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Pharmacology of cough in palliative care

Morice, Alyn H.a; Shanks, Gabriellab

Current Opinion in Supportive and Palliative Care: September 2017 - Volume 11 - Issue 3 - p 147–151
doi: 10.1097/SPC.0000000000000279
RESPIRATORY PROBLEMS: Edited by David C. Currow and Miriam J. Johnson

Purpose of review Cough is a common and distressing symptom. It has a marked decrement on quality-of-life particularly in the arena of palliative care where coexisting symptoms such as pain may be exacerbated. Whilst local definitive treatment may alleviate coughing it usually requires general measures. The purpose of the review is to assess the current evidence relating to the pharmacological management of cough.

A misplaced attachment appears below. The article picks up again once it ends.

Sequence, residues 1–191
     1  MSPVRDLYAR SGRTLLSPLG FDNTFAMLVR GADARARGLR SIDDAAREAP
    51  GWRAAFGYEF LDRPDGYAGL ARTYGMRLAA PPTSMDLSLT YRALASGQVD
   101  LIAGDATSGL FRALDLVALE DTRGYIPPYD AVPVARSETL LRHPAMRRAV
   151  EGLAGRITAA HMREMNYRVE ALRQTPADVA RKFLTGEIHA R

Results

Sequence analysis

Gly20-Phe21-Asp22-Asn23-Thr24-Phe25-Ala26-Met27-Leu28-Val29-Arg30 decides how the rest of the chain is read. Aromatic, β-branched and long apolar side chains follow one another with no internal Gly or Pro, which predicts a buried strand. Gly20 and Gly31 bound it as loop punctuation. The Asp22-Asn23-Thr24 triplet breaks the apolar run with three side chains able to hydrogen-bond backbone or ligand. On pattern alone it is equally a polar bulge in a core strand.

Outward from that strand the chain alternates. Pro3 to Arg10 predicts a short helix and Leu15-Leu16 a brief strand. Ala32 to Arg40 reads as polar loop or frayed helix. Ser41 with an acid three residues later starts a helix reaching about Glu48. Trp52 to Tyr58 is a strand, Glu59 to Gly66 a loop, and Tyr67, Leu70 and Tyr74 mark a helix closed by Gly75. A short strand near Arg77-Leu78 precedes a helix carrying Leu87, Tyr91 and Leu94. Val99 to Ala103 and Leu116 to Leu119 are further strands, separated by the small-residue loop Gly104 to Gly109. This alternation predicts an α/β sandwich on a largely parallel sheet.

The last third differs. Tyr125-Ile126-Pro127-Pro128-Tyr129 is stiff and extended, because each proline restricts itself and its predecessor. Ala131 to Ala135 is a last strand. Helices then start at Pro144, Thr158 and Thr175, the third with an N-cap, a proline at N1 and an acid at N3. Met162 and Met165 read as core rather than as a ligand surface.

Recent findings Key to understanding cough is the realization that most cough is because of a hypersensitivity of the afferent vagus nerve. Cough suppression with opioids and first-generation antihistamines may produce relief. However, much cough in palliative medicine is caused by unrecognized nonacid reflux and aspiration. Promotility agents may be dramatically effective at both preventing cough and recurrent aspiration.

Summary The implications of this review will aid practitioners understanding of cough in a variety of settings, including palliative care.

aHull York Medical School, Castle Hill Hospital

bDepartment of Medicine, Hull Royal Infirmary, Hull, UK

Correspondence to Alyn H. Morice, MD, FRCP, FBPhS, Hull York Medical School, Castle Hill Hospital, Hull HU16 5JQ, UK. Tel: +44 (0) 1482 624067; e-mail:

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